To justify their net-zero business plans, companies may rely on offsetting without providing detailed information as to which of their activities are being offset. For example, at the time of the Report, 35% of FTSE 350 companies’ involved some use of ‘offsets’ in their emissions reductions plans. However, the vast majority of these companies have not yet outlined which specific activities they intend to offset. Some analysts claim that this opacity increases the likelihood that carbon credit use may undermine direct emissions reduction efforts, undermine the environmental integrity of climate policies, or facilitate greenwashing.
Following this, the Report concludes that there is a ‘clear risk’ that improper offsetting could indeed lead to slower direct emissions reduction from businesses. This could erode public trust in business and Government net-zero action. There is also some concern that the current lack of regulation may provide a competitive disadvantage to those companies which are currently seeking to deploy offsetting in responsible ways. With these conclusions, the Climate Change Committee aligns with the Science-Based Targets initiative’s attempts to guide corporations’ use of carbon credits, and the extent to which those credits should be counted toward corporate net zero targets.
ii) Integrity of Carbon Credits. The Report outlines detailed criteria for what should be considered ‘high-integrity’ carbon credits. It echoes similar efforts by other independent bodies - such as the Integrity Council for the Voluntary Carbon Market - to improve the supply-side integrity of carbon credits. According to the Climate Change Committee, ‘high-integrity’ credits include those which derive from projects that are measurable, verifiable and have long-lasting benefits, as well as those which encourage additional and permanent emissions reductions.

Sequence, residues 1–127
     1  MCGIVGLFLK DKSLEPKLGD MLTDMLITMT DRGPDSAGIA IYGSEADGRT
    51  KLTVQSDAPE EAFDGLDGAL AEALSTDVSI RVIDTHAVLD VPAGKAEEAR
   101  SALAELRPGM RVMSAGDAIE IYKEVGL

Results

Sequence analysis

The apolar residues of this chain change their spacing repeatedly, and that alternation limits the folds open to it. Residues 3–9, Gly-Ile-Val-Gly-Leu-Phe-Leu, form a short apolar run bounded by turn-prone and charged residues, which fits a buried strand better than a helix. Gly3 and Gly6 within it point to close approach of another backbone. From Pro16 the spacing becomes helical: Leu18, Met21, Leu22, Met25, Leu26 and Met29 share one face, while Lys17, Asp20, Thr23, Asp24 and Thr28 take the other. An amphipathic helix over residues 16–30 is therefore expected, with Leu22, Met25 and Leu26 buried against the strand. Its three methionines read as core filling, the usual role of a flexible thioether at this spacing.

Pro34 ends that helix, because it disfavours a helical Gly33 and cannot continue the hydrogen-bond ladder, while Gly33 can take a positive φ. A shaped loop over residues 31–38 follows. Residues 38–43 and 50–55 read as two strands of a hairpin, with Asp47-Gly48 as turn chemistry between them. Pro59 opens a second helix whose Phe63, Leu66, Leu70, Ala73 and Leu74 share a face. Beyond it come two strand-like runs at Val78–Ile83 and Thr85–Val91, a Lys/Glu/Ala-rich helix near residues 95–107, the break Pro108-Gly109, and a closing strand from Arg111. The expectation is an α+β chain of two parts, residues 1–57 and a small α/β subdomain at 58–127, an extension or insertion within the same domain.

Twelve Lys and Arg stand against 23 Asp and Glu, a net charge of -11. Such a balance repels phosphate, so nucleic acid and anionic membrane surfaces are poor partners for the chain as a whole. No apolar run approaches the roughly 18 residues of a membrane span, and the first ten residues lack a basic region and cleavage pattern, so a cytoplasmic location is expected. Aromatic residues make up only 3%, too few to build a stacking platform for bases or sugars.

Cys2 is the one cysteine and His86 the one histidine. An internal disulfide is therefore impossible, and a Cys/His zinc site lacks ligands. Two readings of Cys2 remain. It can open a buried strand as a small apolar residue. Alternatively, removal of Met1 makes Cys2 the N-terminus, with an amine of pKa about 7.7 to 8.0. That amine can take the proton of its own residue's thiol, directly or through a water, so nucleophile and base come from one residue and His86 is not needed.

Carbon credits that are not ‘high-integrity’, but which are still used as substitutes for direct emissions reductions, may risk causing higher net global emissions. Clear policies and standards to ensure robust monitoring, verification and reporting can help prevent improper or illegitimate offsetting.
Recommendations from the Report
Given the risks posed by improperly governed VCMs, the Report calls for greater Government action to ensure that VCMs continue to grow with appropriate quality controls and guidance, and that companies only buy and sell high-integrity carbon credits.
The CCC makes three key recommendations to the UK Government:
1) Encourage businesses to prioritise direct emissions reductions, while providing mechanisms to support high-integrity removal projects;
2) Continue efforts to strengthen codes and standards to ensure integrity of carbon crediting projects; and
3) Support the modest, but useful, role VCMs can play in the UK Net-Zero pathway, in tandem with other climate mitigation measures. Fundamentally, the Report finds that companies should use carbon crediting as an ancillary strategy toward achieving corporate net zero targets.
VCMs and carbon credits will have a small, but important part to play in helping businesses meet their net-zero targets. As markets grow, greater government intervention and regulation will be needed to help ensure that credits are used to fund additional emissions reduction activities, rather than as an easy way out for companies looking to bolster their climate credentials. Ultimately, carbon crediting should be viewed as a supplement, not as a shortcut, to more substantial business action to achieve net-zero.